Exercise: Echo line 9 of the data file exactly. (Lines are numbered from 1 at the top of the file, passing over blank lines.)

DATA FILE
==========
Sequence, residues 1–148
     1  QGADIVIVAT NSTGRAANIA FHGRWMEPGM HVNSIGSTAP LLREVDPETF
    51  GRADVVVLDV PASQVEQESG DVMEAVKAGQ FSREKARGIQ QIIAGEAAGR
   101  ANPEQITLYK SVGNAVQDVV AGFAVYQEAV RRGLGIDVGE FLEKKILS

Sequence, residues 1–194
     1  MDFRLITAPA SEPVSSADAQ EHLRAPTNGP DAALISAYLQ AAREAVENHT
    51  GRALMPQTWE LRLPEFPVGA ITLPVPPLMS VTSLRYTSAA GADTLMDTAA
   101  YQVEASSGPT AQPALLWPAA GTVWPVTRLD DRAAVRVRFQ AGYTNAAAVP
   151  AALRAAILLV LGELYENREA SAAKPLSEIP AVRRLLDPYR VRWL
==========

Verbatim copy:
   151  AALRAAILLV LGELYENREA SAAKPLSEIP AVRRLLDPYR VRWL